On June 19, 2017, the U.S. Supreme Court handed down its much-anticipated decision in Matal v. Tam, 582 U.S. __ (2017), issuing a ruling that clarifies that the door is open to trademark registration to a new category of trademarks: trademarks that may disparage others.
The facts that the Court looked at are relatively simple: The Slants, a dance-rock band whose members are Asian-Americans, sought to register their name as a trademark. Although the band argued that they chose the name because they were looking to “reclaim” and “take ownership” of stereotypes about people of Asian ethnicity, the U.S. Patent and Trademark Office (USPTO) refused to register the mark THE SLANTS on the ground that it was a derogatory or offensive term. An appeal to the USPTO’s Trademark Trial and Appeal Board failed on similar grounds. But a further appeal to the U.S. Court of Appeals for the Federal Circuit resulted in this case finding itself before the U.S. Supreme Court: the majority of the Federal Circuit, sitting en banc, found that the USPTO’s basis to refuse to register THE SLANTS was unconstitutional.
The legal background for the appeal is also straightforward. While, as the Court notes, commercial actors have been able to use trademarks that cannot be registered; the difference here relates to the substantial benefits that trademark registration provides. However, contrary to the understanding of many, not every trademark can be registered on the Principal Register, and Section 2 of the Lanham Act provides several bases for denial. These bases include descriptiveness, that the trademark is primarily merely a surname, and that the trademark is confusingly similar to another trademark already in the registry, among others. At issue in Matal v. Tam (previously known as In re Tam) is Section 2(a) of the Lanham Act, which provides in part that a trademark may be refused registration if it “[c]onsists of or comprises immoral, deceptive, or scandalous matter; or matter which may disparage or falsely suggest a connection with persons, living or dead, institutions, beliefs, or national symbols, or bring them into contempt, or disrepute . . . .” 15 U.S.C. § 1052(a).
The USPTO denied The Slants a registration based on the portion of Section 2(a) that prohibited the registration of trademarks that may “disparage . . . or bring . . . into contemp[t] or disrepute” any “persons, living or dead.” The Supreme Court took the case to decide whether this clause was facially invalid under the Free Speech Clause of the First Amendment. In reviewing the issue, the Supreme Court found that this provision of Section 2(a) (what the Court called the “disparagement clause”) does violate the Free Speech Clause of the First Amendment. In delivering the opinion of the Court, Justice Alito wrote: “It offends a bedrock First Amendment principle: Speech may not be banned on the ground that it expresses ideas that offend.”
After reviewing several arguments from the government, which was the petitioner in the case, the Court concluded that the disparagement clause did not meet the test that the restriction serves “a substantial interest,” and must be “narrowly drawn.” The bases that the government provided—preventing speech expressing ideas that offend, and protecting the orderly flow of commerce which might be disrupted by disparagement—were too close to the heart of the First Amendment or were overly broad. In the Court’s words: “It is not an anti-discrimination clause; it is a happy-talk clause.”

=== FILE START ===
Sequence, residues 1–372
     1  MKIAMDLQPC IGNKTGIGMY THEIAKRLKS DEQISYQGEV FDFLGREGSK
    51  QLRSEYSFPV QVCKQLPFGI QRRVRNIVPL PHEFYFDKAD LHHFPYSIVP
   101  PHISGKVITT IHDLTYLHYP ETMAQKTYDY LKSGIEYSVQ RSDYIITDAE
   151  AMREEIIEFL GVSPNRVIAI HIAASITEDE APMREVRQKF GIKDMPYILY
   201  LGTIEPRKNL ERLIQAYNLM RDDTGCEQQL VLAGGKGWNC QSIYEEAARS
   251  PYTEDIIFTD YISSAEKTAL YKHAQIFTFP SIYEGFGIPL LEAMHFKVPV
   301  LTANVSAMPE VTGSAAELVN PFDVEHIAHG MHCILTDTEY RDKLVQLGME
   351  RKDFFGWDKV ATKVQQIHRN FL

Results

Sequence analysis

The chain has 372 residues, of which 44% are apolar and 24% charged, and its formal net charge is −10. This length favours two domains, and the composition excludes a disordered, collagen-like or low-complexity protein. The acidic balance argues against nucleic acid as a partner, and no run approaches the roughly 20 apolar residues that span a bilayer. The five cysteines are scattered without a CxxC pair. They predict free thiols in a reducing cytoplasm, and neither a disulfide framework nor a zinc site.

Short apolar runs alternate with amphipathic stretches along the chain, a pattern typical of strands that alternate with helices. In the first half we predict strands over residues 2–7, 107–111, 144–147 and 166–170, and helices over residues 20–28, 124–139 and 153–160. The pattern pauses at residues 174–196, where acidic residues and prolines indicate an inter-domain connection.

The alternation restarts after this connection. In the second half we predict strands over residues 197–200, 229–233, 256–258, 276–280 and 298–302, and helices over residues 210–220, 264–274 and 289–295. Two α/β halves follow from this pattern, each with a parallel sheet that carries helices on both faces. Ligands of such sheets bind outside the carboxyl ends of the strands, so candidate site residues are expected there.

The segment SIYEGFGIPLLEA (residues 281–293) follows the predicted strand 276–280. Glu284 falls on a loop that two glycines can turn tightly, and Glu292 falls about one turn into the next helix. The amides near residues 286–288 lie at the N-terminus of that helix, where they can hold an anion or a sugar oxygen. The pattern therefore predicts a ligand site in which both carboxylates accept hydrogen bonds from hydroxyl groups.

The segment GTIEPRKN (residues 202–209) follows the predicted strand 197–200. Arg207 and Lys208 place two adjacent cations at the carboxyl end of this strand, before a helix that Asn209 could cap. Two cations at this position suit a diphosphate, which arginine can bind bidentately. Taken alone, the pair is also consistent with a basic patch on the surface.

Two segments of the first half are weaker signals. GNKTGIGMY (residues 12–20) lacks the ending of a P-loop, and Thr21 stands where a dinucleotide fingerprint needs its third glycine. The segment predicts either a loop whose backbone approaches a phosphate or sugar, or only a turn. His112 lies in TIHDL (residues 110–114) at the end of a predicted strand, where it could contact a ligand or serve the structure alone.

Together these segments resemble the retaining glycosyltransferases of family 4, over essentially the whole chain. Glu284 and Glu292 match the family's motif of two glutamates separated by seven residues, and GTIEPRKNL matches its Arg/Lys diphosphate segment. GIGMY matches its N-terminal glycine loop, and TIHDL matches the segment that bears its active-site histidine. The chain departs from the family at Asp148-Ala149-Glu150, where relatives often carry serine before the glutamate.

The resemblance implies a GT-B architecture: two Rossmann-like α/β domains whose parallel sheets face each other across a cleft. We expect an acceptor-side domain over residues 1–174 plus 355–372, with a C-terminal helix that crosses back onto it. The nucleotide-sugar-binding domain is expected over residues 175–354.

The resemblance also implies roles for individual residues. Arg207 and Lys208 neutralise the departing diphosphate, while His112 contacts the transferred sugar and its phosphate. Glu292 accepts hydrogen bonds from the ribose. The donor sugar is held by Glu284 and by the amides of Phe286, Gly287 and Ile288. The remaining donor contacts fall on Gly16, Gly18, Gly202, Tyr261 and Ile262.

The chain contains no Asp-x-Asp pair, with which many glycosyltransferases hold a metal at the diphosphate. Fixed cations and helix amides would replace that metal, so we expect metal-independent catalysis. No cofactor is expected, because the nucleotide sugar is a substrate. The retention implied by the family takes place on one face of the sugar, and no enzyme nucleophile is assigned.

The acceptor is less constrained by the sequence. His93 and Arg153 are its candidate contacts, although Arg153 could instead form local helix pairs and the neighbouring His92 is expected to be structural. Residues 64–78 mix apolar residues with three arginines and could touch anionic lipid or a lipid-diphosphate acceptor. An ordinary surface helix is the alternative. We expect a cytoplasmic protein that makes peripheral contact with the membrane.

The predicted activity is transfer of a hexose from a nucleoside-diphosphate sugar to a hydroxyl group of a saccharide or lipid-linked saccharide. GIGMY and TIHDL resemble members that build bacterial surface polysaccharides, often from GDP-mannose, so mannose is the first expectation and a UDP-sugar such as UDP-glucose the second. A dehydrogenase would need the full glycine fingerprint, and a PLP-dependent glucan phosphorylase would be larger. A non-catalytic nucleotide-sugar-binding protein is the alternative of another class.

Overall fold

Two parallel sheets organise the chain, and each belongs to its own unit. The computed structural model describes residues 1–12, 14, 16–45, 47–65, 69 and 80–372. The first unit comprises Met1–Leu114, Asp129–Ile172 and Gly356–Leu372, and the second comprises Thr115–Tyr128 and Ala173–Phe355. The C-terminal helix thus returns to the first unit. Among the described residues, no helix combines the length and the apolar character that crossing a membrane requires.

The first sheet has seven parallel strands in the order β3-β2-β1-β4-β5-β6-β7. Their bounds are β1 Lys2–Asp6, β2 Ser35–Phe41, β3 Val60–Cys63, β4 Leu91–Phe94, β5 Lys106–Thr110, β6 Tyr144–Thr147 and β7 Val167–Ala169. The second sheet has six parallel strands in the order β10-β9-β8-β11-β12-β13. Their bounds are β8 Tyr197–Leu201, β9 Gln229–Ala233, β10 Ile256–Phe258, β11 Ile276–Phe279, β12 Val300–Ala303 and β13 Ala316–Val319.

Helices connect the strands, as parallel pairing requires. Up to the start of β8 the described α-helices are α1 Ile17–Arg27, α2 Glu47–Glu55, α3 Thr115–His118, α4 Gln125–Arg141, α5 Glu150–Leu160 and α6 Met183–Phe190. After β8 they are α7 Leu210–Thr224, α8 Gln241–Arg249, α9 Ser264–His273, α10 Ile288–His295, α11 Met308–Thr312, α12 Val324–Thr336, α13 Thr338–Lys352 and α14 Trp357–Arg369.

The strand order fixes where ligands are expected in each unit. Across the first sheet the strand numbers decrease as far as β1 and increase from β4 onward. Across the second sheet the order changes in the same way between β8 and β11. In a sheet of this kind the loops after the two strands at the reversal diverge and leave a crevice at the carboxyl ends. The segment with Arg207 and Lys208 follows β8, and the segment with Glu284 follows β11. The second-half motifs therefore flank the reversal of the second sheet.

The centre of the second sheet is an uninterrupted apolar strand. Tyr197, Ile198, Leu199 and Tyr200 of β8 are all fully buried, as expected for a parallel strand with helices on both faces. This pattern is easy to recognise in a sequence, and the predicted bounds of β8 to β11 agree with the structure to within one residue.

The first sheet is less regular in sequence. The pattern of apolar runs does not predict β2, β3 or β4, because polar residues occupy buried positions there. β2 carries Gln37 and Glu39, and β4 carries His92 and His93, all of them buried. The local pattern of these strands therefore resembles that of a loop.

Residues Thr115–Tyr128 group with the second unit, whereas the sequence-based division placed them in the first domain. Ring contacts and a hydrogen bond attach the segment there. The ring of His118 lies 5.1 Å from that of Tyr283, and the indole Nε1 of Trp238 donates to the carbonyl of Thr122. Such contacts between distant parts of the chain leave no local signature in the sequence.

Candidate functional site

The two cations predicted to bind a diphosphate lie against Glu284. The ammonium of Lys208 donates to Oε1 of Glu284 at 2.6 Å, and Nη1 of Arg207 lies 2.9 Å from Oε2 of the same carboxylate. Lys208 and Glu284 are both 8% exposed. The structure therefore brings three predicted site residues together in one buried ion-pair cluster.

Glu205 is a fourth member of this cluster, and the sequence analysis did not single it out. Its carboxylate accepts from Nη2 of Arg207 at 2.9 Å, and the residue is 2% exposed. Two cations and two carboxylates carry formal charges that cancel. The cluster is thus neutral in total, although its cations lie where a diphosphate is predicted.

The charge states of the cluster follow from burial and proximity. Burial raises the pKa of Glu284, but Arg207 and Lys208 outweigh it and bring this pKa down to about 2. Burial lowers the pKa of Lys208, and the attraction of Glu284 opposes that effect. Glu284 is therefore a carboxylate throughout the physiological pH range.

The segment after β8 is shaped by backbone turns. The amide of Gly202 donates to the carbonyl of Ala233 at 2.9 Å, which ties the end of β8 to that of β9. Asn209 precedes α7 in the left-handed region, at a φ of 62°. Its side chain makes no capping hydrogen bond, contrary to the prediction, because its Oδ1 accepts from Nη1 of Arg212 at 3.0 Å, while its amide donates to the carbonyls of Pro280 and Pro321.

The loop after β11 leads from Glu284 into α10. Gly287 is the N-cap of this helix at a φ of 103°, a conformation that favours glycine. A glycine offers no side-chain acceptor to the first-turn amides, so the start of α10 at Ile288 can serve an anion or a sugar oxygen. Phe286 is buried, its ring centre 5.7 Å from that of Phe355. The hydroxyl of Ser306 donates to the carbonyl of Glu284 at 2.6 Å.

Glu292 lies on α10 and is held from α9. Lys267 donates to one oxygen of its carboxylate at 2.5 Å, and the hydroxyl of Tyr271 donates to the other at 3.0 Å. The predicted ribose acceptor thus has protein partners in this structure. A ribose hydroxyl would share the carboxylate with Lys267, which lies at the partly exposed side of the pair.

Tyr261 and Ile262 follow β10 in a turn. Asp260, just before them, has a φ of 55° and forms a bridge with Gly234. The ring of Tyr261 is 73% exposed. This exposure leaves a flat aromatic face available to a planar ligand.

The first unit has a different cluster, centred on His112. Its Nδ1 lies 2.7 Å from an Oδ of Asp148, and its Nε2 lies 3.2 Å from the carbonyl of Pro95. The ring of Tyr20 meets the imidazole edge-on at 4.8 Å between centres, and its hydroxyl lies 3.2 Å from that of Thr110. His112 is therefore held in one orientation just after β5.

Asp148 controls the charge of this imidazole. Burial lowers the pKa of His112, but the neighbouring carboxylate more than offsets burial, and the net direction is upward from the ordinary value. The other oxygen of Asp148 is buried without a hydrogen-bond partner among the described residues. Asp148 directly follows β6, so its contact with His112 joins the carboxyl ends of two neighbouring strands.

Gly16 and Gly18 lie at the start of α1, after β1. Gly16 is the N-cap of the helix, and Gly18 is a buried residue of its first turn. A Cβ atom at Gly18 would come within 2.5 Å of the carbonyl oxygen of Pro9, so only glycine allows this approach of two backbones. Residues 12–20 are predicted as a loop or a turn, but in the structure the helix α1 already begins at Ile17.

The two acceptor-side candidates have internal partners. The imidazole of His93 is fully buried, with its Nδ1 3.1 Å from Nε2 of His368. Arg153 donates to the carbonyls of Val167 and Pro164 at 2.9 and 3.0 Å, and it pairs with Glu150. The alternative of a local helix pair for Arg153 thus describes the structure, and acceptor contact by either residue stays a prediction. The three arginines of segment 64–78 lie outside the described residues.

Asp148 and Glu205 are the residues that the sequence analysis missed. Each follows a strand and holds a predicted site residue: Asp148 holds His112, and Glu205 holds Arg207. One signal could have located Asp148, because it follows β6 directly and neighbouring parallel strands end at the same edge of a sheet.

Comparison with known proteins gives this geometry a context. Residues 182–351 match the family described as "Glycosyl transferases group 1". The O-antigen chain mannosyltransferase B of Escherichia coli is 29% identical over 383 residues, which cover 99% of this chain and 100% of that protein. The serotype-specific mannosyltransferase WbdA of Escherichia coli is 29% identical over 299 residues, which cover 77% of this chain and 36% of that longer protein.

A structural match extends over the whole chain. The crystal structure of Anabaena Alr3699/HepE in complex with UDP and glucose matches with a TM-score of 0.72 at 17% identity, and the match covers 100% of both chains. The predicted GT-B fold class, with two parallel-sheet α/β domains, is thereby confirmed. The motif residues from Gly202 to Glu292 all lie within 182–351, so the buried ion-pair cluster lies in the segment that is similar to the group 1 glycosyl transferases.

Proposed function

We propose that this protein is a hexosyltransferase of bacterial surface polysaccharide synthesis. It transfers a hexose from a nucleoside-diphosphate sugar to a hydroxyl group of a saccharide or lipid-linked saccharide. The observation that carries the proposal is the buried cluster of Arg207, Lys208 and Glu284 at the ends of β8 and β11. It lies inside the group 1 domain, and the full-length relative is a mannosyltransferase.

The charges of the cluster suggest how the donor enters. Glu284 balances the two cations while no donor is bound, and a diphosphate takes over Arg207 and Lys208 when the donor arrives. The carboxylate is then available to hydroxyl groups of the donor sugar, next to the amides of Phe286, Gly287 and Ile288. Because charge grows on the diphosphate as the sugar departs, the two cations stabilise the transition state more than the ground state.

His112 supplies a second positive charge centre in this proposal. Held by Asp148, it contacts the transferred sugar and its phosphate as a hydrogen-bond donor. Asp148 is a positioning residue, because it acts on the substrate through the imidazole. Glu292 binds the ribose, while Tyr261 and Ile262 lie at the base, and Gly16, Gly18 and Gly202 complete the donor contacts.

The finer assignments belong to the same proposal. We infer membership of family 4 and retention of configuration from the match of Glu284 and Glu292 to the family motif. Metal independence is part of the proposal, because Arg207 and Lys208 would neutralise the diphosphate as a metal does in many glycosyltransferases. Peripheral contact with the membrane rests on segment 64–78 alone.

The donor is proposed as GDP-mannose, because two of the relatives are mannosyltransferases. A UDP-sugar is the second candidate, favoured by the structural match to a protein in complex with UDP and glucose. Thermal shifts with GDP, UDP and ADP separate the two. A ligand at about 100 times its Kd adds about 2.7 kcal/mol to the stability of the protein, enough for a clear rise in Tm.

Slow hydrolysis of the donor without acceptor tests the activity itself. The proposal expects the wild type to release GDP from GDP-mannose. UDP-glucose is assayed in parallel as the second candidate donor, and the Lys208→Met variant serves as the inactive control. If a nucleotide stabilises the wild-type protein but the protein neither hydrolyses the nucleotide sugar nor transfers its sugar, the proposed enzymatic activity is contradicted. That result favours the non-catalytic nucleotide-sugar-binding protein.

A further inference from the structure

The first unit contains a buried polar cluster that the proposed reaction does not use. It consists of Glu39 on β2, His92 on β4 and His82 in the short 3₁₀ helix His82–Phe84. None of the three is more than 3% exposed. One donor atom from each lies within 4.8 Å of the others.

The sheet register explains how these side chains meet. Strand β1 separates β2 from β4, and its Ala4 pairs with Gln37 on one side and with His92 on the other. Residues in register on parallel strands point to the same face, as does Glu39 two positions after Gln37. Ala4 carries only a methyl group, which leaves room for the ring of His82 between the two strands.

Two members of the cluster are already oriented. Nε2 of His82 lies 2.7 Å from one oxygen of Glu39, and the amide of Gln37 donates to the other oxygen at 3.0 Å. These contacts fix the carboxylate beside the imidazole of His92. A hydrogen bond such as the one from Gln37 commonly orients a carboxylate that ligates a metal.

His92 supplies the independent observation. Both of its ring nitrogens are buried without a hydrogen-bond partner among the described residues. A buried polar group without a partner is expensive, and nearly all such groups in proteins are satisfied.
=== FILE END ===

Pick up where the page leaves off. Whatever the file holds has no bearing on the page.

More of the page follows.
The Court’s decision puts to rest The Slants’ struggle to register their own name, and for those challenging the rights in the Washington Redskins trademarks, the Court’s decision extinguishes the challengers’ principal argument. The Court’s decision also confirms (using quite humorous examples) that the issuance of a trademark registration is not government speech, but private speech. (Interestingly, the Court also commented in passing that copyright registration also is private, not government, speech.)
For trademark practitioners, the immediate question is whether Tam can be stretched beyond the specific clause that the Court addressed. The limitations in Section 2 of the Lanham Act expressly refer to refusals of registration of a trademark “on account of its nature,” which language brings to mind the possibility of content-based restrictions. Taken broadly, and despite the Court’s explanations that its holding—and its methods for reaching that holding—are limited, Tam could certainly open the door to new challenges to other portions of the Lanham Act. Section 2(d) appears safe for the moment, as Justice Kennedy’s concurrence expressly notes that the law can protect against trademarks that confuse or mislead the public. However, to the extent that any provisions of Section 2 turn on the content of the speech itself, such as whether the mark is “immoral” or “scandalous,” those provisions may be vulnerable to attack.
Whether the ruling triggers a rush to register words that members of the public deem to be racial slurs will remain to be seen. Certainly, several groups may already be planning post Tam trademark applications, either to block the use of offensive marks by others, or to test the boundaries of public opinion (and good taste). But while registration provides powerful presumptions and benefits, most trademark applications filed in the United States cannot mature into registrations unless there has been a showing of use of the trademark as a trademark in interstate commerce. Therefore, unless there is somehow a new demand for products and services sold under brand names that are likely to disparage others, a flood of newly issued registrations of disparaging marks is unlikely.